Post-STEMI Recovery

Educating patients and their families is one of the most critical aspects of care after a STEMI. Several new medicines are started after a heart attack, several of which may be needed lifelong. Patients need to be sure they take the medications prescribed to have a benefit. I’ll address these briefly later. Stopping smoking is essential. It’s important patients follow up with their doctors. Drugs should be used to control blood pressure. After a STEMI patients will be enrolled in cardiac rehabilitation that is a program they should attend on a regular basis. This involves exercise, addressing questions such as time of return to physical activities and dietary concerns. Following these things after the STEMI is arguably as important as treating the STEMI itself.
What exactly is a Non-STEMI Heart Attack

As previosly indicated, ST refers to the ST segment, which is part of the EKG heart tracing used to diagnose a heart attack. NSTEMI stands for Non-ST segment-elevation myocardial infarction. Nevertheless, a NSTEMI is still a type of heart attack, although presenting in a somewhat less acute manner than a STEMI. A myocardial infarction is, of course, the medical term for a heart attack.
How is a NSTEMI diagnosed?

In addition to signs such as chest pain, a heart attack is diagnosed mainly two ways. First is a blood test that shows elevated levels of certain markers of heart damage such as cardiac troponin. Secondly is by looking at the EKG heart tracing. As we have already shown, if there is a pattern known as STsegment-elevation on the EKG, this is called a STEMI, short for ST elevation myocardial infarction. If there is elevation of the blood markers suggesting heart damage, but no ST elevation seen on the EKG tracing, this is known as a NSTEMI, a non ST segment elevation myocardial infarction. A NSTEMI may be associated with other EKG changes such as ST segment depression. Often looking at the EKG helps us to locate the area of the heart that is affected.

Treatment of Non STEMI Myocardial Infarction

In addion to the EKG, part of the way of diagnosing a NSTEMI is by a blood test called troponin that is indicative of heart damage. Although the troponin test is great in that it does not miss heart attacks, it is not specific for heart attacks alone. Once the patient’s problem is diagnosed as a NSTEMI, the treatment strategy will typically include an echocardiogram to look at heart muscle functioning. Initially, blood-thinning agents will be given such as aspirin and the blood thinner heparin. These medicines have been proven to improve outcomes in patients with NSTEMI. There may be other medicines given such as a beta-blocker or nitrates. Many patients will then go for a heart catheterization. This test involves injecting dye into the heart arteries to look for blockages. In the case of severe blockages, treatment in the form of a stent or multiple stents may be required. Sometimes there are so many blockages that bypass surgery is advised.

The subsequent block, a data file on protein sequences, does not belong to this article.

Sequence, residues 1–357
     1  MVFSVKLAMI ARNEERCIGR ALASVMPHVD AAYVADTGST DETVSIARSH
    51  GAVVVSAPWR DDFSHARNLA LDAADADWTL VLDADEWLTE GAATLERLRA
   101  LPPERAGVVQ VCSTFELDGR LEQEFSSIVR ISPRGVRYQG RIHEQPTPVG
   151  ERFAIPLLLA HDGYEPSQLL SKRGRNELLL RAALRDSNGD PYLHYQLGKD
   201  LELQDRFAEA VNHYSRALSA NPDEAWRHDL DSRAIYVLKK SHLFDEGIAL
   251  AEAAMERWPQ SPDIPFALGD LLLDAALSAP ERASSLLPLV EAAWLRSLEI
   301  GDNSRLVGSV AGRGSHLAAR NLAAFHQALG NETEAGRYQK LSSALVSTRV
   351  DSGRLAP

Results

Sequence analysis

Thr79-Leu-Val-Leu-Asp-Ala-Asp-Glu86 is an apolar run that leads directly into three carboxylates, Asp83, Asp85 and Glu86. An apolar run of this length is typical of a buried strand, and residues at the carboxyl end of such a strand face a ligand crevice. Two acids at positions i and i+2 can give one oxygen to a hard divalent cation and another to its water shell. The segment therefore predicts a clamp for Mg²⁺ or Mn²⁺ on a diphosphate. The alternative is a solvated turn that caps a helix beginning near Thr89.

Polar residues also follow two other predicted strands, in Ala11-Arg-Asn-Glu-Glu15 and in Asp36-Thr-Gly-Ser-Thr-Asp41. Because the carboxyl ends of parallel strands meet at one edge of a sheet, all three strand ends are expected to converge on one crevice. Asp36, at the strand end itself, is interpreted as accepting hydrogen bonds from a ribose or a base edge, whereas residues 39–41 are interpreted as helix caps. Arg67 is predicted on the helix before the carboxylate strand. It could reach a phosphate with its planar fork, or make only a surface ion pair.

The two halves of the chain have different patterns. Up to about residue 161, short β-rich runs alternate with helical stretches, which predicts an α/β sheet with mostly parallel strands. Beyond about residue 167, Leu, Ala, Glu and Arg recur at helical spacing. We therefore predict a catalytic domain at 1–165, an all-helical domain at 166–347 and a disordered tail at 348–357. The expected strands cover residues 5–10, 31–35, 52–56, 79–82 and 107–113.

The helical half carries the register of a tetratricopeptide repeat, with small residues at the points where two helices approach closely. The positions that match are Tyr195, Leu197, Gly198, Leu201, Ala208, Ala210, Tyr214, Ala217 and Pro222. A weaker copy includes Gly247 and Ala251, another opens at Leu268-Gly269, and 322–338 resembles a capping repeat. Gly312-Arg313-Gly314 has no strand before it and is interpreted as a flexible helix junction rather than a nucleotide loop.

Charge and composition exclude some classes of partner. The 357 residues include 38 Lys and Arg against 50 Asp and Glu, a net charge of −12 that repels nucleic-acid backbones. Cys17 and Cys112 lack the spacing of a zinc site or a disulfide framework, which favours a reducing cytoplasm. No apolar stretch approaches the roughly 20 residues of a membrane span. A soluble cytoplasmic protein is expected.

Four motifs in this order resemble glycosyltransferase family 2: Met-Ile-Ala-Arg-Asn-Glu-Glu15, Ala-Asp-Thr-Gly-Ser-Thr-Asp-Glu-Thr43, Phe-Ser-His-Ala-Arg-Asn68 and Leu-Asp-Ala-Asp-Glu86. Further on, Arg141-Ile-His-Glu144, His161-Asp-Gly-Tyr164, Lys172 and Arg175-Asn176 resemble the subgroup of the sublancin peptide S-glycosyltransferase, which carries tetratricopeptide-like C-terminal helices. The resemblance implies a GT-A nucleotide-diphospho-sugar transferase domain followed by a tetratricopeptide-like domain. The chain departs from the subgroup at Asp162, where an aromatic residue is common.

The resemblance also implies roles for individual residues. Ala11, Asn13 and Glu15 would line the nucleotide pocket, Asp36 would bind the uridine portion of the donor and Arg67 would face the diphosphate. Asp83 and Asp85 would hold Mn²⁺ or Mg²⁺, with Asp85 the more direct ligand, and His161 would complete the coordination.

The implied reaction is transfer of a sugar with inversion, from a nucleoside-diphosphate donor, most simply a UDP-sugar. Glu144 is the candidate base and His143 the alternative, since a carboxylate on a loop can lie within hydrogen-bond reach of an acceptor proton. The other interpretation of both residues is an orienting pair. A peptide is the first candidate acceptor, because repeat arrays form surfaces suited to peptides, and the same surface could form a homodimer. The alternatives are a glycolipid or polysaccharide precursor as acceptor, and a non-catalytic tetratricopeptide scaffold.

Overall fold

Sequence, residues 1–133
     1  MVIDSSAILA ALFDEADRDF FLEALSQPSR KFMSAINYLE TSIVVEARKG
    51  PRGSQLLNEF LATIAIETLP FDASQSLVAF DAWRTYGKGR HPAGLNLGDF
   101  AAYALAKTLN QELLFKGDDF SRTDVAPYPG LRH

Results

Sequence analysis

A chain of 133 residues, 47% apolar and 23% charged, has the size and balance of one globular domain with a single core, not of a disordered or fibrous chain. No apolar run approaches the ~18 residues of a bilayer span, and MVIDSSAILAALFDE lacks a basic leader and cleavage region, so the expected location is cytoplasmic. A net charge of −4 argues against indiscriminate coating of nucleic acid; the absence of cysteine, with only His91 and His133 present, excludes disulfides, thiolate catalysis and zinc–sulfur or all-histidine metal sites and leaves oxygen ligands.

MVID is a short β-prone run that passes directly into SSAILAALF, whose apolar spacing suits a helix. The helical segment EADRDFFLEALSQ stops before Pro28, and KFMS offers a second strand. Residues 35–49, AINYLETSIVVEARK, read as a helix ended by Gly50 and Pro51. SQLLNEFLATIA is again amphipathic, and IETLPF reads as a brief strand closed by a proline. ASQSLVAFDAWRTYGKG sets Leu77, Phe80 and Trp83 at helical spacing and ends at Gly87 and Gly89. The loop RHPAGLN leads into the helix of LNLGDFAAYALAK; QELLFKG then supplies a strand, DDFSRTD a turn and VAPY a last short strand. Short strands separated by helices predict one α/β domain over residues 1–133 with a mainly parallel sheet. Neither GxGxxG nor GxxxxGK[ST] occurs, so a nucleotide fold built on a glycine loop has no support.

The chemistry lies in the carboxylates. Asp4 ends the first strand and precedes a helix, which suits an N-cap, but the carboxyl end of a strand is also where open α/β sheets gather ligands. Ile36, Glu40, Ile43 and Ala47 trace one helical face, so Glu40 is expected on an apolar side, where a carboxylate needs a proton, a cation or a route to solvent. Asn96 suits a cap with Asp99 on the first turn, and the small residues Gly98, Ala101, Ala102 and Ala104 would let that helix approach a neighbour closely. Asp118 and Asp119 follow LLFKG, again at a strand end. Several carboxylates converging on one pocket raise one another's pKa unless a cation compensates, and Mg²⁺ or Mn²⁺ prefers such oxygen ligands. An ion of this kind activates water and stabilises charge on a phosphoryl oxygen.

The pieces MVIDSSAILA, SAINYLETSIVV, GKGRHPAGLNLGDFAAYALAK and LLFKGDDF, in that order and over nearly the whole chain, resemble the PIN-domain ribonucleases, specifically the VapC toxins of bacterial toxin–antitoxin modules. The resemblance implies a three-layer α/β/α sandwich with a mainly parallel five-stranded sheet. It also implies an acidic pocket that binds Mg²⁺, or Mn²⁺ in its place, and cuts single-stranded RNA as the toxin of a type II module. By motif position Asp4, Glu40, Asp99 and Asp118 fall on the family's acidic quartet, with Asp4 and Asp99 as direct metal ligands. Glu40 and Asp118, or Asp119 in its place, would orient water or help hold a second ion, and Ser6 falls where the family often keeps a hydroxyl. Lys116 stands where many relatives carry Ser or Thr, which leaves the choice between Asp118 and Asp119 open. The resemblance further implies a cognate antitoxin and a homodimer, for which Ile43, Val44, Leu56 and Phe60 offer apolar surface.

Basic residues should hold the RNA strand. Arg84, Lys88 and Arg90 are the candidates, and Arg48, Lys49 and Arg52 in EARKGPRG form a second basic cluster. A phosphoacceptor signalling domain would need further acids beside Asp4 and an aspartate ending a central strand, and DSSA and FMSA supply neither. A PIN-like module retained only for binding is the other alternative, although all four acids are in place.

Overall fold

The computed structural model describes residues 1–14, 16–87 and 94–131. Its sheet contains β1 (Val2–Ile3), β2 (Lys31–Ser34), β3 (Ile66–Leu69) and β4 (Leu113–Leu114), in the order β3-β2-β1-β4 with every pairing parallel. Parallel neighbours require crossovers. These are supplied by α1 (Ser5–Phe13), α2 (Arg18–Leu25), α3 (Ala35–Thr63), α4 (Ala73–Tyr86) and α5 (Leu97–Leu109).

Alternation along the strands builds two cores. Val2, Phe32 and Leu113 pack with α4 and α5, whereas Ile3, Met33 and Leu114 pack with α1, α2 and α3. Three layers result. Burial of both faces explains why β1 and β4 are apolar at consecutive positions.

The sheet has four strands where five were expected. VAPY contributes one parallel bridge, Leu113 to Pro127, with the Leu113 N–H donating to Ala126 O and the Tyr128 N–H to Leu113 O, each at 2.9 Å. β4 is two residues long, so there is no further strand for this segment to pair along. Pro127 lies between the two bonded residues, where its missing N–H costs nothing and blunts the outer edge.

Prognosis after a NSTEMI

A NSTEMI IS a heart attack, so the treatment of that applies here as well. Medicines are prescribed that have been proven to save lives in the long term for heart attack sufferers. Depending on factors such as symptoms and heart function, a number of medicines may be prescribed. Lifestyle changes and modification of risk factors are key in preventing recurrence. It is important for smokers to stop smoking. Blood pressure control and control of diabetes are key. A post-heart attack exercise plan should be incorporated into a daily lifestyle if possible. Often NSTEMI patients will be sent to cardiac rehab to receive education on the important of exercise and begin a program in a supervised environment.
Common Medicines Prescribed After a Non STEMI or STEMI Myocardial Infarction
Aspirin, antiplatelet agents, Beta-Blockers, ACE-Inhibitors and Statins are often prescribed.
STEMI vs NSTEMI – Which is Worse?

The bottom line is that both are bad. STEMI is seen as more of an immediate emergency because there is a known total occlusion of a heart vessel that needs opening urgently. In terms of long-term outcomes, they have equal health implications. Patients with NSTEMI often have other illnesses such as ongoing critical illness, diabetes, kidney disease, and other that means they have a generally high risk over the long term. Both STEMI and NSTEMI need aggressive treatment over the short and long term.

The Political Follies Continue

Monday, December 12th, 2016

As I and many others predicted, the election of either Trump or Clinton would produce chaos in our country. Well, here are a few present and future issues to provide headaches and headlines over the next four years.